Building attention is not an easy task even under the best of circumstances. Consumer (or predatory) capitalism is about dividing and pulling attention with lures of immediate gratification whether that be the allure of sexuality, sensual imagery, solving puzzles and mysteries, or the greed / lust to know more. The Internet as playground is a good example of attention reducing stimuli to manipulate and shorten attention along the paths of tangential thinking. This kind of conditioning is designed to hook the user / viewer into buying stuff. Maybe the reason you started an Internet search is lost by the time you’ve allowed your attention to dissolve into whims pulled by desire down the rabbit hole.
When I was in college my housemate gave me a book to read that she thought would be exciting for me. It wasn’t. The writer made it nearly impossible to read the book – very loosely – a science fiction novel, but it was more an allegory than anything else. He wrote paragraphs in long run-on sentences. My fascination with the book was supposed to whet my appetite to go to group meetings of this “cultish” group. It became clear that she wasn’t going to leave me in peace until I went to her group where I could then tell her I wasn’t interested.
Of course as you might have guessed I became interested. I had to wade through prejudices I had about the “spiritual”. I was invited to listen as this book I had previously tried to read was read aloud. I was called to read some aloud too. It tended to confirm my suspicions that the people there seemed insane. When I thought the group was winding down there was one more part of the session that changed my mind about the meetings.
Later I discovered that reading these paragraphs long run-on sentences that strained my comprehension of the material at the very least stretched the capacity of my attention and increased my ability to concentrate. The book was written by G. I. Gurdjieff and was called “Beelzebub’s Tales to His Grandson”.
I learned how to focus and shift attention. I read many books on spiritualism, Sufis, and the Gurdjieff Work. I learned through experiences and through books that attention was the first building block to higher consciousness. Although there is no such thing as multitasking it is possible to shift attention rapidly from one focus to another. The rapid shifting of attention gives the illusion to the person that they are multitasking when they are not engaged in doing something that is impossible. This harks back to binary – associative thinking.
All of us are trained to reason and rely on mind or cognitive activities to the exclusion of emotive and somatic processes. We know (cognitively) that we have emotions and that we have a physical body but we objectively identify them intellectually rather than acknowledge and explore these emotive and somatic sensations. The ego / cognitive self believes that it exists in a certain way so that it obscures emotional and somatic elements that it doesn’t want to acknowledge so that illusions can be created to view so-called reality. The ego engages in deductive logic looking for what it believes itself to be both positive (to grandiosity for example) and negative (to fears and depressive emotions) states. Beliefs that are personal, generational, cultural, genetic, and species oriented float in an unconscious realm where ego seeks to find truth. The truth that is discovered is transitory and impermanent. Ego must continue a life-long search that becomes fruitless. Ego proves what it believes based on fears, prejudices, biases, and so on.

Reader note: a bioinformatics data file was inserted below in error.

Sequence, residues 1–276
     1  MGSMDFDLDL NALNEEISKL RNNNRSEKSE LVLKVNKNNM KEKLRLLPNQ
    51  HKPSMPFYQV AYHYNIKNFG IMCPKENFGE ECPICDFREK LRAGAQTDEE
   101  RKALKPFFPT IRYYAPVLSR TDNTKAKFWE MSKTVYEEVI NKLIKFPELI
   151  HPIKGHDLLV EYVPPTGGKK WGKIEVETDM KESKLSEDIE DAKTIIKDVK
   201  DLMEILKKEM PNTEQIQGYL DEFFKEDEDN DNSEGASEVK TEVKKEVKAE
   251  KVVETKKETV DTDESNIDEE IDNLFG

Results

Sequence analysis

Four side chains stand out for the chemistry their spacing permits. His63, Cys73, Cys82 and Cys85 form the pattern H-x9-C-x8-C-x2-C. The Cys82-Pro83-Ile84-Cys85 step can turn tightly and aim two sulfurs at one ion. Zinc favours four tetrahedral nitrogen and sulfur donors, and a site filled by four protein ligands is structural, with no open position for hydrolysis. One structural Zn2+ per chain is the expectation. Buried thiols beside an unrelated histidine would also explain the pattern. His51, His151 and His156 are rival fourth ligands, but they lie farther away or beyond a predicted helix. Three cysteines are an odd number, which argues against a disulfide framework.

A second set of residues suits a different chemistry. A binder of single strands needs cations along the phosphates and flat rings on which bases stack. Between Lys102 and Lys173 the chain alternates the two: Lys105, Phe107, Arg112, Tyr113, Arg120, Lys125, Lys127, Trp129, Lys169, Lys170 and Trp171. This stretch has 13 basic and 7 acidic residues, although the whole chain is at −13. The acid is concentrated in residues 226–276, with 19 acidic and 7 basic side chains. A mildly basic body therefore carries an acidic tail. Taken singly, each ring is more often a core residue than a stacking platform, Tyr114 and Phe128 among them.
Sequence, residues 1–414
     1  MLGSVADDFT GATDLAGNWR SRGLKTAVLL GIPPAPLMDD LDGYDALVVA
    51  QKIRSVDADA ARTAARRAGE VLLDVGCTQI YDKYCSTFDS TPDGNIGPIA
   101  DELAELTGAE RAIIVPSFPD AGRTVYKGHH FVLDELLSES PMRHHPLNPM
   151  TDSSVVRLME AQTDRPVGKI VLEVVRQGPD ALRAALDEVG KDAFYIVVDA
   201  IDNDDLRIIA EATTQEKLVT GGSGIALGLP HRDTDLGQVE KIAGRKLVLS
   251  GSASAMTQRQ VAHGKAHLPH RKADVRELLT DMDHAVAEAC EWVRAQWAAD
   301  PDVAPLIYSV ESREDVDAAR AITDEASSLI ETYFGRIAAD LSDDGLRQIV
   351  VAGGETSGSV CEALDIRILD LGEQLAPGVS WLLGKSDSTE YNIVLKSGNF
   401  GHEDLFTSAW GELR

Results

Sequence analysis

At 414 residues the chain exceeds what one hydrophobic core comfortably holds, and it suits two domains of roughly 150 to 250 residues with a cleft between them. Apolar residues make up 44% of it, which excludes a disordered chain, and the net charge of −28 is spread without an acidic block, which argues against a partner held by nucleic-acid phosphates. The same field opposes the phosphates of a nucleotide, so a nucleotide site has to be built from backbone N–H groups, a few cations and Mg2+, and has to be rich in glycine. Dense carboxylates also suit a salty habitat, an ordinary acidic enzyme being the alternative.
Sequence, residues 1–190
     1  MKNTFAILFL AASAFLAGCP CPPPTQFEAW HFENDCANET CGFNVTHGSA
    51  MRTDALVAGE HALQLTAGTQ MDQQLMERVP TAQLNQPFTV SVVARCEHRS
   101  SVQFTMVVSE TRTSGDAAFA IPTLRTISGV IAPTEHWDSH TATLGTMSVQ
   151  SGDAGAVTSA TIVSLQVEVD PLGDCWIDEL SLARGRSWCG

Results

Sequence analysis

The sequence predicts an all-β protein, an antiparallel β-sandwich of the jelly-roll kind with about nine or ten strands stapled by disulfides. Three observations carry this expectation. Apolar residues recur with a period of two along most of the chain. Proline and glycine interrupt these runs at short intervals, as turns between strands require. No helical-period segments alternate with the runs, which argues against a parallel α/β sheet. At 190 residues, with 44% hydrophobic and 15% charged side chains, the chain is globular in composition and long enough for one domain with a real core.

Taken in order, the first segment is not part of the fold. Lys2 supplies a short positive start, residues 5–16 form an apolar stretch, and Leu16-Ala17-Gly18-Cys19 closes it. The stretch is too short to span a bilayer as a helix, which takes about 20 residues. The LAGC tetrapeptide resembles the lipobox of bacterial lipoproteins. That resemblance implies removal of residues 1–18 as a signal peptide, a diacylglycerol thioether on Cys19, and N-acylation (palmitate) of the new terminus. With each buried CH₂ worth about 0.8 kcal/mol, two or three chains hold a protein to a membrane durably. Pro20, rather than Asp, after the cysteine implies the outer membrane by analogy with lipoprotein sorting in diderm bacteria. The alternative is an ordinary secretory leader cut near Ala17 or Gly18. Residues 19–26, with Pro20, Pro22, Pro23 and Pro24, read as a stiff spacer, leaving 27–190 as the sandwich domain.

Attention is the key to finding a place in our self that may become a semi-permanent steward in a continuing quest for learning, effective struggle, help and surrender/sacrifice. The Steward is close to the core of our being and helps ego find an enduring peace and a compassionate neutrality instead of the temporary gratification that is never sufficient.
The use of attention is essential to learning, effective struggle, help, and surrender/sacrifice of which memory is the binding force. Memory is a content and process oriented sensation. The content of memories are obvious and basic to identity: “I remember my name.” “I remember who I am based on…” The process of memory is time, which has been conveniently defined and invented as linear: past, present and future.
- Transformation by J.G Bennett p. 27-60, published by The Claymont Society for Continuous Education copyright 1978.
- Transformation by J.G Bennett p. 32-33, published by The Claymont Society for Continuous Education copyright 1978.
- for further reading: Fields of Perception – belief and attention
- for further reading: We are the Matrix and The Wider Consciousness
- for further reading: A Primer – Autogenic Training
Next in the Series is:
Learning and Transformation: Struggle Part 2 of 4